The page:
A paddock-to-plate cookery school is adding another dimension to Tasmania’s beautiful Derwent Valley region, reports Michelle Rowe
S cooks go, Adele Boag makes an excellent deep-sea diver. So appalling is her kitchen prowess that her 19-year-old son has made her the subject of a short film, TheCookFrom Hell , a window into the nightmarish mealtimes experienced in their family home: mashed potato prepared from Deb packet mix, grey sludge masquerading as schnitzel, cakes so flat and burnt they’re passed off as brownies.
Which is why Boag, an Adelaide-based art gallery owner, is perched on a stool at The Agrarian Kitchen, a cookery school in the heart of Tasmania’s Derwent Valley, making a last-ditch attempt to turn her life around.
And she could hardly have picked a better place for an epiphany. The Agrarian Kitchen owners Rodney Dunn and his wife Severine Demanet ventured out of their own comfort zone just over 18 months ago, giving up secure jobs in Sydney (Dunn was a magazine food editor, Demanet a personal assistant) and moving to Tasmania with their then four-month-old son, Tristan.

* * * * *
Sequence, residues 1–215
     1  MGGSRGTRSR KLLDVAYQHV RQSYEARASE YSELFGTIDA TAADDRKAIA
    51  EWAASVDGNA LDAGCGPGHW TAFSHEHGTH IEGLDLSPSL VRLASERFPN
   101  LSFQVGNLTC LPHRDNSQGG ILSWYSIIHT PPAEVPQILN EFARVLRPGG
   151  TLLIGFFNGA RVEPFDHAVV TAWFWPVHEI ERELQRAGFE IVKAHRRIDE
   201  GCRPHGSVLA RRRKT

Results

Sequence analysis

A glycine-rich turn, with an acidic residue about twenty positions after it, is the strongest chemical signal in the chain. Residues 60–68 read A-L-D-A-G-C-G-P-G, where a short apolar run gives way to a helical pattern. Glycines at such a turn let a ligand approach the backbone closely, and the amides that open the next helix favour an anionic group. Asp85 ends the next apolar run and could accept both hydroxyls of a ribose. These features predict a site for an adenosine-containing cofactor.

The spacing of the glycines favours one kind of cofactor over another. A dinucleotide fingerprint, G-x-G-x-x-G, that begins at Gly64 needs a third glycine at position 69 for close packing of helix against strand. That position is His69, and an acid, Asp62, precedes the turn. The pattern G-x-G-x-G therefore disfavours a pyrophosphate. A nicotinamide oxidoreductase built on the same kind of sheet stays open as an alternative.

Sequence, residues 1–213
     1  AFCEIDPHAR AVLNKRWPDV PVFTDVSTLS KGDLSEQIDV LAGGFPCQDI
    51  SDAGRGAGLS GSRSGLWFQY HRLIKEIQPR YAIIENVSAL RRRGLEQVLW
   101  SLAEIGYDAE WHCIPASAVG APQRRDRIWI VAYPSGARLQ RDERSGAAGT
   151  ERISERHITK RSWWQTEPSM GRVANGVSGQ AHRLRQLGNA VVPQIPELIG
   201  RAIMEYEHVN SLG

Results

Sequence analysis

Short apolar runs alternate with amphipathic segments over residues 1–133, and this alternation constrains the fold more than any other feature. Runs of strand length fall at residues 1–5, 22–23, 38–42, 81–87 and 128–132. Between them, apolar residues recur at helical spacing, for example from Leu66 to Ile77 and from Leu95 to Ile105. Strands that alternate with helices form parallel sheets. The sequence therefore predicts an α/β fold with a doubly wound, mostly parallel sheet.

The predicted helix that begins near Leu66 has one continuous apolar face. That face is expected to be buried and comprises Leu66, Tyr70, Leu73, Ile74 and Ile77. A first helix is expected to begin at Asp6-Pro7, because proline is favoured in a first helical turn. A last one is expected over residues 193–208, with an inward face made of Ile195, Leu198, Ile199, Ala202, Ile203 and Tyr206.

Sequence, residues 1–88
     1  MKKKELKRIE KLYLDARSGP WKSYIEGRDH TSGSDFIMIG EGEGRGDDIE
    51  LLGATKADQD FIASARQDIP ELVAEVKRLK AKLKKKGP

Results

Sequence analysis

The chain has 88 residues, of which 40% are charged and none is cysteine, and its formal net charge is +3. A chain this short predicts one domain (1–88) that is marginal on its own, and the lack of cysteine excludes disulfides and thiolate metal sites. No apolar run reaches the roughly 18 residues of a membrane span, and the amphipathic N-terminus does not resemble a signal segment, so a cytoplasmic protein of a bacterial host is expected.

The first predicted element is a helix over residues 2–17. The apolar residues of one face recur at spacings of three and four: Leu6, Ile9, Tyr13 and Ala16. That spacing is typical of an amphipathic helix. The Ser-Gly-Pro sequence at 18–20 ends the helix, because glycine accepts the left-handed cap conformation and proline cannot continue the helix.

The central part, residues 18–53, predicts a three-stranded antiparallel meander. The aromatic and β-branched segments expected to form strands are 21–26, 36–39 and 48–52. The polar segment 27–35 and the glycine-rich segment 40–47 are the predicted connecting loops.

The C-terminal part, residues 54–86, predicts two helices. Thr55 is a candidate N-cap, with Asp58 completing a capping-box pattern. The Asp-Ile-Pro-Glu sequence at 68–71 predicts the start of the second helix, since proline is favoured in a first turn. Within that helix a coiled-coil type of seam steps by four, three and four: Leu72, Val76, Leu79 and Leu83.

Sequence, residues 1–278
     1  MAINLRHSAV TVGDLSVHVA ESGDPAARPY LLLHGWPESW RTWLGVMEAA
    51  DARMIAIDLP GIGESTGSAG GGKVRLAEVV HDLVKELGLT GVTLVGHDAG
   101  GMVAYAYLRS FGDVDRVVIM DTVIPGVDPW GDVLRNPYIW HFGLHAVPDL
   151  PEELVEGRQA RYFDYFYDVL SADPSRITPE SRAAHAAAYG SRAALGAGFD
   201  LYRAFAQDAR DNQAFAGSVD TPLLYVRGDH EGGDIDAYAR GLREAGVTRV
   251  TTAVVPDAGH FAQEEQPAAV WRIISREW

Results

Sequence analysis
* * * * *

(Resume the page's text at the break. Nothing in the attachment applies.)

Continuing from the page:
Dunn was following a long-held dream of getting back to the land, growing his own produce and opening a cookery school. His role model was Britain’s Hugh Fearnley-Whittingstall, the dishevelled city dweller who decided to put some of his free-range eggs in another basket and set up a farm in Dorset, southwest England. The spin-off River Cottage television series and books proved that getting back to basics was a good move in several ways.
Dunn says, I watched the River Cottage series and said to a friend, Where in Australia do you reckon you could do something like that?’ Tasmania was the natural choice. When I first came here, it blew me away how beautiful the place was. And I’d hear chefs saying, I’ve got this lady who grows salad and stuff and she brings it to the restaurant for us.’ Tasmania is the only place we could have set up something like this.’’
After a long search for the right property, Dunn and Demanet found the house of their dreams, an old school building at Lachlan in the Derwent Valley, 40 minutes northwest of Hobart. The light and airy former classroom with huge picture windows provides the perfect backdrop for cooking classes; a large preparation table now takes pride of place in the centre of the room, a pizza oven has been built, burners, gas ovens and an industrial dishwasher have been set in place. The old classroom still has a blackboard, but today it lists the menu to be prepared by students of a different kind.